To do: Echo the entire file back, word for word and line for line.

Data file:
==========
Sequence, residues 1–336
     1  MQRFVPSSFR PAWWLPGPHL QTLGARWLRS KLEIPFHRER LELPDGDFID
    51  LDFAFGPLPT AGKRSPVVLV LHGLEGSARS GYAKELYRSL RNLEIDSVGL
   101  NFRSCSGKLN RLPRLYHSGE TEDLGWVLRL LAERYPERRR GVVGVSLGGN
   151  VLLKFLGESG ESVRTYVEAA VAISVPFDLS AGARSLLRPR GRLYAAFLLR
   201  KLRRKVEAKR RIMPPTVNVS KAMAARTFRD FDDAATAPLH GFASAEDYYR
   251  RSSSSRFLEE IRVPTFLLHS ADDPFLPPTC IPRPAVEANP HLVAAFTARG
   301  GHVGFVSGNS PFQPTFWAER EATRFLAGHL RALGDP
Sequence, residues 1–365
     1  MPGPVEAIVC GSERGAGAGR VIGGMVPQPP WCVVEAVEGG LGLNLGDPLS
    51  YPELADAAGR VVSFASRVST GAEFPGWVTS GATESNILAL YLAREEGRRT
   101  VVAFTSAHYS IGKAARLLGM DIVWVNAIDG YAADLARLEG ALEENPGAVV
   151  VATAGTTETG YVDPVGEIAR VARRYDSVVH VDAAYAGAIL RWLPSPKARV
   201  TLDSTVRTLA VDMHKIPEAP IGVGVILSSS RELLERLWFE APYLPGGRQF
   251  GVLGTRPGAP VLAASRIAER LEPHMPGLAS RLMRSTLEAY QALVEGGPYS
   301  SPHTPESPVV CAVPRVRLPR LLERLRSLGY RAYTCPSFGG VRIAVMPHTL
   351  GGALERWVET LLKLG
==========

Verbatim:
Sequence, residues 1–336
     1  MQRFVPSSFR PAWWLPGPHL QTLGARWLRS KLEIPFHRER LELPDGDFID
    51  LDFAFGPLPT AGKRSPVVLV LHGLEGSARS GYAKELYRSL RNLEIDSVGL
   101  NFRSCSGKLN RLPRLYHSGE TEDLGWVLRL LAERYPERRR GVVGVSLGGN
   151  VLLKFLGESG ESVRTYVEAA VAISVPFDLS AGARSLLRPR GRLYAAFLLR
   201  KLRRKVEAKR RIMPPTVNVS KAMAARTFRD FDDAATAPLH GFASAEDYYR
   251  RSSSSRFLEE IRVPTFLLHS ADDPFLPPTC IPRPAVEANP HLVAAFTARG
   301  GHVGFVSGNS PFQPTFWAER EATRFLAGHL RALGDP
Sequence, residues 1–365
     1  MPGPVEAIVC GSERGAGAGR VIGGMVPQPP WCVVEAVEGG LGLNLGDPLS
    51  YPELADAAGR VVSFASRVST GAEFPGWVTS GATESNILAL YLAREEGRRT
   101  VVAFTSAHYS IGKAARLLGM DIVWVNAIDG YAADLARLEG ALEENPGAVV
   151  VATAGTTETG YVDPVGEIAR VARRYDSVVH VDAAYAGAIL RWLPSPKARV
   201  TLDSTVRTLA VDMHKIPEAP IGVGVILSSS RELLERLWFE APYLPGGRQF
   251  GVLGTRPGAP VLAASRIAER LEPHMPGLAS RLMRSTLEAY QALVEGGPYS
   301  SPHTPESPVV CAVPRVRLPR LLERLRSLGY RAYTCPSFGG VRIAVMPHTL
   351  GGALERWVET LLKLG